A Simple Deterrent for Deer

An Inexpensive and Easy Solution for Browsing Deer

About 10 years ago, we had a big vegetable garden that was about 40’x 40′. I planted several rows of bush beans in the garden that year and I got a bit obsessive, every day watering and waiting for those first sprouts of green to appear.

One morning I went to the garden, and there they were! I am always enthralled to see plants come up from seed! It’s such a beautiful and miraculous thing to watch.

The next morning, I went out to my garden and what did I see? Every single bean sprout was nipped to the ground. And there were deer tracks leading to and from those rows of beans! I was about fit to be tied!

We were headed to church that morning, so I steamed off! Once I got to church, I was talking to some of the ladies about the deer that had destroyed my young garden. One of the ladies told me about a secret trick she used to keep the deer out of her garden…

Using Rubber Snakes in the Garden

She told me to buy rubber snakes and place them out on the ground in the garden. I’d never heard of such a thing, but after church I went straight out and found them at the dollar store. They were inexpensive, and I bought several of them.

I went home and replanted those beans, in the same rows where I had planted them the first time. And I placed the snakes all around on the ground in the garden.

As soon as I saw the new beans sprout up, I made sure to place a few rubber snakes nearby on those rows.

The next morning, I went out and I was shocked by what I saw. The beans were still growing. There were fresh deer tracks heading toward the bean plants, but they turned away a few feet from my rows of beans and exited the garden!

I was pleasantly surprised, to say the least! From that day on, I have used rubber snakes in my garden every year.


Organic Seed Alliance Seed Saving Guide

Thanks to Linda Bacon for participating in the [Grow] Network Writing Contest.

We’re still getting the list of prizes lined up for the Spring 2016 Writing Contest. We awarded over $2,097 in prizes for the Fall Writing Contest, including all of the following:

– A 21.5 quart pressure canner from All American, a $382 value
– A Survival Still emergency water purification still, a $288 value
– 1 free 1 year membership in the [Grow] Network Core Community, a $239 value
– A Worm Factory 360 vermicomposting system from Nature’s Footprint, a $128 value
– 2 large heirloom seed collections from Baker Creek Heirloom Seeds, valued at $103 each
– A Metro-Grower Elite sub-irrigation growing container from Nature’s Footprint, a $69 value
– 2 copies of the complete Home Grown Food Summit, valued at $67 each
– 3 free 3 month memberships in the [Grow] Network Core Community, valued at $59 each
– 4 copies of the Grow Your Own Groceries DVD video set, valued at $43 each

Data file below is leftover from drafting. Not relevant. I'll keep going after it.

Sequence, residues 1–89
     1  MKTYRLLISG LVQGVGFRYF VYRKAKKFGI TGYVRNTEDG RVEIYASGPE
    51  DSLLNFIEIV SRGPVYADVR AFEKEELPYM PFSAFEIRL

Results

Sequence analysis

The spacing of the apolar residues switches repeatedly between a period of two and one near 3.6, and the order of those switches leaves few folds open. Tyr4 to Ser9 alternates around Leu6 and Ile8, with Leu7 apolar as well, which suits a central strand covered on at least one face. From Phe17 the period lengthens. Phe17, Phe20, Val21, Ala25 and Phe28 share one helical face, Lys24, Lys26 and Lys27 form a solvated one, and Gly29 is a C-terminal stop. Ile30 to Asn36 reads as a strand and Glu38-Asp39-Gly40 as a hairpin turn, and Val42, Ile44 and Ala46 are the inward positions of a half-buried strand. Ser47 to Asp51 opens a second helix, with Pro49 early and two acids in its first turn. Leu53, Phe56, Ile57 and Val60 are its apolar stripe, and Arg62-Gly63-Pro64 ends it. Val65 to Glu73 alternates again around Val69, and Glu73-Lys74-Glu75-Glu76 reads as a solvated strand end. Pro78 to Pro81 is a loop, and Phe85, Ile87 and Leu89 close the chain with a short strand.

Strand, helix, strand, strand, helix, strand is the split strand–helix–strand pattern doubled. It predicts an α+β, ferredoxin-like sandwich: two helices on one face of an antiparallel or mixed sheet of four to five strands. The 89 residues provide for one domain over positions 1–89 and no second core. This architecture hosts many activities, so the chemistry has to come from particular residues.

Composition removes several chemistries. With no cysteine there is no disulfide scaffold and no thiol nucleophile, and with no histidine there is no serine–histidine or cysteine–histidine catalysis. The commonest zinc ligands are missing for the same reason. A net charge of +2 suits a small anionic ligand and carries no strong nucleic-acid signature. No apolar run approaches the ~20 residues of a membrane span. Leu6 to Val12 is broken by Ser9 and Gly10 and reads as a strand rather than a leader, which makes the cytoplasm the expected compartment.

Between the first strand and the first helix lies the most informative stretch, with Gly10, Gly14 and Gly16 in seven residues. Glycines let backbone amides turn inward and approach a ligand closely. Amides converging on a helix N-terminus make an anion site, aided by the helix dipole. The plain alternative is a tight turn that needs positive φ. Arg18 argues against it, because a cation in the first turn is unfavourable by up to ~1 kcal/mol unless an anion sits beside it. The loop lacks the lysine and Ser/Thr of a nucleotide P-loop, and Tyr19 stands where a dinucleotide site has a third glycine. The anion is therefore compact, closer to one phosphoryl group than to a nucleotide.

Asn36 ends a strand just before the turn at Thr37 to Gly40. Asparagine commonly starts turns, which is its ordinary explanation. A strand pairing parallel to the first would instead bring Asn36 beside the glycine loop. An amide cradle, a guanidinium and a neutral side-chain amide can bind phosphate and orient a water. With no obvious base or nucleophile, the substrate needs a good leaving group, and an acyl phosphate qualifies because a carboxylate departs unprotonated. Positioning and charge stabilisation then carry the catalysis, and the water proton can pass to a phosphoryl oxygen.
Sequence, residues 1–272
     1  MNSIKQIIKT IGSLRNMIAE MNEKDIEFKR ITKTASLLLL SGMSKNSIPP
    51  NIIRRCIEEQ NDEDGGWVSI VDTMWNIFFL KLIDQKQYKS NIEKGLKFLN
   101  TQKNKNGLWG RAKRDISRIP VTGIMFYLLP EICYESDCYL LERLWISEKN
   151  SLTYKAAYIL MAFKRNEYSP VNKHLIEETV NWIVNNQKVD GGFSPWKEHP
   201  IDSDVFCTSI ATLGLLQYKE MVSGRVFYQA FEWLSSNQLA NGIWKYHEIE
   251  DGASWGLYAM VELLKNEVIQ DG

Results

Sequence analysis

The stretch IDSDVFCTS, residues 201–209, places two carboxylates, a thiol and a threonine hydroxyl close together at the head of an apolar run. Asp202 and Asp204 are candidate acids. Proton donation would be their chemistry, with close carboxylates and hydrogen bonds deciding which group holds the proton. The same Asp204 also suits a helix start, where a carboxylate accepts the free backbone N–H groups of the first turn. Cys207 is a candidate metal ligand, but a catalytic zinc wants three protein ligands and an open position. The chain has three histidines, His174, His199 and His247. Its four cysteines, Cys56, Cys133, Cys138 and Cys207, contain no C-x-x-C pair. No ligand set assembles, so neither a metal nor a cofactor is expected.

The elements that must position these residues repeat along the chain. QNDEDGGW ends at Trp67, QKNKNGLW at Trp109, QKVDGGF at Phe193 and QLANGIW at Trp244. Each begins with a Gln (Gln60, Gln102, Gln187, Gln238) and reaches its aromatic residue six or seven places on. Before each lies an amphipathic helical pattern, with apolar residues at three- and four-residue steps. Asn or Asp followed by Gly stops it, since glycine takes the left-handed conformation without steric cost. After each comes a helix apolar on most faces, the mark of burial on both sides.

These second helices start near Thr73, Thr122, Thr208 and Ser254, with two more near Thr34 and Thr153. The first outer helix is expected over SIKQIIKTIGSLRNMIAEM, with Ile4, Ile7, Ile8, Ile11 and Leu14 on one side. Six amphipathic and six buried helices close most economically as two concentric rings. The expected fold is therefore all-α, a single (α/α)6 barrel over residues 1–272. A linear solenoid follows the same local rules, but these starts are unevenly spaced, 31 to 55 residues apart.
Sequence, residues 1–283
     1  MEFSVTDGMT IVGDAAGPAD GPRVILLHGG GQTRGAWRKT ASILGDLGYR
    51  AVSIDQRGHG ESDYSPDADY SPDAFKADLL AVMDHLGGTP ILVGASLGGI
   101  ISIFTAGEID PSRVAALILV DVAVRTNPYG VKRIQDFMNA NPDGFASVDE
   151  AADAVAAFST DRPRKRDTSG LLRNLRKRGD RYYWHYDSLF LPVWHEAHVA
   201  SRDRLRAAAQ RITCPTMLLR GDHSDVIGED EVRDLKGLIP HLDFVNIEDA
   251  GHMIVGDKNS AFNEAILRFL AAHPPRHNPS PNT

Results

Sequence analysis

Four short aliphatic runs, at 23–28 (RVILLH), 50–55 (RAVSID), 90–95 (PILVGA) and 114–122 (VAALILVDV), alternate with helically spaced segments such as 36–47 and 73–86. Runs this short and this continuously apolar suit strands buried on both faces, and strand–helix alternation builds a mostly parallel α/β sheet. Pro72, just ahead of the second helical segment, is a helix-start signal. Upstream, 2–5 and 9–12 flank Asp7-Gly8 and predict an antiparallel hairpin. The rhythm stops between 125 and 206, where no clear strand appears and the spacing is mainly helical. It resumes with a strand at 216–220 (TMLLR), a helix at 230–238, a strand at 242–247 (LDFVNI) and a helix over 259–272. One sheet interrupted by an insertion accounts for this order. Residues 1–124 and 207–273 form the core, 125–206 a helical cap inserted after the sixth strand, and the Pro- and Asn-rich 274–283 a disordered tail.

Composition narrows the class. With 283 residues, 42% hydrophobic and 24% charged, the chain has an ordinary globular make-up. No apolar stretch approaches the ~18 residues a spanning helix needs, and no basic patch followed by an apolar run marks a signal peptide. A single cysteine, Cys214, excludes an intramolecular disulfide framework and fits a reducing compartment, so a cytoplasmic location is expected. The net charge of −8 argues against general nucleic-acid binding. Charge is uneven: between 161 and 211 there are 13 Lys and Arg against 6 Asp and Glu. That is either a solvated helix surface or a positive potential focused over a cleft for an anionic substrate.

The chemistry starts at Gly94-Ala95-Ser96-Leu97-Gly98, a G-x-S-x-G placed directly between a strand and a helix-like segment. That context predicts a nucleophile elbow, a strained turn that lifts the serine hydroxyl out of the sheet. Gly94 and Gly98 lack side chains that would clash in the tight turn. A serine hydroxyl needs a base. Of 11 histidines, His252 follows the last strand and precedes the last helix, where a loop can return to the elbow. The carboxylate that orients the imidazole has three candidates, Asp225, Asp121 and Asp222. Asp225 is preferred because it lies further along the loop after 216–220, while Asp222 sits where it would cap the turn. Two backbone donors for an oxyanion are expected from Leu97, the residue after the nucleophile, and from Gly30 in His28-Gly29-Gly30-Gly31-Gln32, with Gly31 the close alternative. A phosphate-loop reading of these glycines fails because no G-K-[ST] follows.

– A Bug Out Seed Kit from the Sustainable Seed Company, a $46 value
– 4 copies of the Alternatives To Dentists DVD video, valued at $33 each
– 4 copies of the Greenhouse of the Future DVD and eBook, valued at $31 each

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This post was written by Anthony Tamayo


  • Marvin Weber says:

    Thanks for this great tip! I will definitely make this investment! Another deer repellent method I recently found out about is placing small containers of wolf or coyote urine around the perimeter of the garden, every 20 feet or so. These are covered with a can to keep out the rain. They are supposed to last a month or so. People have reported good success with this. Any experiences?

    1. bobbi mcc says:

      Coyote urine, dog hair and ferret poop will not deter the ground squirrels. Deer will probably dance around them.

  • Cheryl says:

    Tried a snake in the tomatoes to discourage the birds or squirrels, whoever was eating them and I think it helped. Wondering if it will work to discourage rabbits. Thanks

  • Boris Denissoff says:

    Yeah, rubber snakes. Got enough real snakes hanging out in the garden eating lizards, including coral snakes, ratsnakes, cottonmouths, and black racers. And I go barefoot. I have to look where I put my hands, also. Corals like to hide in the mulch. The rats just freeze, and the blacks look at me like they are trying to decide whether to run or chase me. Kind of like the drug dealers on the other side of the tracks. And of course, cottonmouths will chase you. But a couple more hawks moved in, and everybody just sort of lays low, now.

    1. jane says:

      where do you live? Yikes cottonmouth? I would be terrified, I live in Maryland.

      1. Boris Denissoff says:

        I live in central Florida. Actually don’t see too many cottonmouths; I imagine the gators have done a number on them. Stepped on a coral snake a few weeks ago at night, but it was too small to bite me. It will NOT be growing any bigger. The biggest gator in the lake hangs out offshore trying to catch my shepherd getting a drink. I hate that.